"Confronted with Trump’s orders to persecute migrants, we must join together to denounce his human rights violations”: Mexico’s president-elect delivers a few choice words for his counterpart north of the border.
In this collection of campaign-trail speeches and articles, leftist politician López Obrador offers a program for—well, making Mexico great again, inasmuch as a long reign of neoliberalism has left it “one of the poorest countries on the continent.” One of the effects is that Mexico’s rural poor have had to look to the north for jobs, which in turn has occasioned the rise of nativist politics in the U.S. When candidate Trump thundered that Mexico wasn’t “sending their best,” the author gained a convenient foil, accusing Trump of ignorance and demagoguery. “Mexico does not ‘send’ anyone to the United States,” he writes, adding that the Mexican and U.S. economies are so closely bound that protectionist policies will only harm American consumers, to say nothing of the elites who supported Trump. On a more purely domestic note, López Obrador holds that corruption is “Mexico’s central problem” and pledges to uproot it. Moreover, he adds by way of a promise that he must now fulfill, by 2024—the end of his six-year term—a less corrupt Mexico will have posted a 6 percent growth rate, while “we will have created a new way of thinking, a revolution in conscience that will prevent avarice, corruption, and greed from prevailing over truth, morality, and fraternity.” The high-flown rhetoric notwithstanding—and a cynic might observe that such fine words have been heard before from a governing class that the author calls "a gang of plunderers”—López Obrador gets down to cases with table-heavy pieces showing how former presidents soak the system with fat pensions and protections, how net migration flows have operated in the last 50 years, and the like.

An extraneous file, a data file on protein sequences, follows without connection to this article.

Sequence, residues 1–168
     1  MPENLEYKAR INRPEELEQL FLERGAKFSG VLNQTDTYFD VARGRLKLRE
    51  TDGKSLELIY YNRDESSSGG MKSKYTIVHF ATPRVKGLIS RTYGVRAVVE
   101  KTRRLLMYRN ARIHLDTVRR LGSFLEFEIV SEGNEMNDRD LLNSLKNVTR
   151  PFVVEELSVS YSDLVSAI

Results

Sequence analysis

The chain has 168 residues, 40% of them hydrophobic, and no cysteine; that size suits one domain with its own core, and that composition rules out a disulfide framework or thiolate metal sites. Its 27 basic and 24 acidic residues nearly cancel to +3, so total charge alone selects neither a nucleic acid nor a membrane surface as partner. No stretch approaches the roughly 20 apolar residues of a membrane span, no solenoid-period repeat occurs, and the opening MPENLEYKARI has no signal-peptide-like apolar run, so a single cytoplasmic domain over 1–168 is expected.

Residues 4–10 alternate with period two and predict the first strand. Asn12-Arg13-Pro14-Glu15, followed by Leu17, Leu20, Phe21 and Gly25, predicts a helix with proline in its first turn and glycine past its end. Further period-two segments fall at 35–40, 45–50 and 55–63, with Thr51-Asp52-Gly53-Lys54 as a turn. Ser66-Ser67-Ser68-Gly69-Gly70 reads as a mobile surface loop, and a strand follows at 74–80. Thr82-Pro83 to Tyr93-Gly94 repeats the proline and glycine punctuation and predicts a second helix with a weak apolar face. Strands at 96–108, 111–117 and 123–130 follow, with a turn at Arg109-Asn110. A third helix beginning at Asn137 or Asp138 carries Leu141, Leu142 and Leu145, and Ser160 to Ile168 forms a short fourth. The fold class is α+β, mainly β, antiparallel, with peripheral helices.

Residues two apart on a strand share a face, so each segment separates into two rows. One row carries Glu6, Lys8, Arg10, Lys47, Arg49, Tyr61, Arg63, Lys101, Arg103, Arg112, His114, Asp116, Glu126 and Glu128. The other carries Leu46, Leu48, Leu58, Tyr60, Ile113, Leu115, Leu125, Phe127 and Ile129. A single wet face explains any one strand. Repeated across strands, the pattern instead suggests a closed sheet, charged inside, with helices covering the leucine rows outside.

A book of promises and projections that, now that López Obrador has proved victorious, becomes a checklist for action.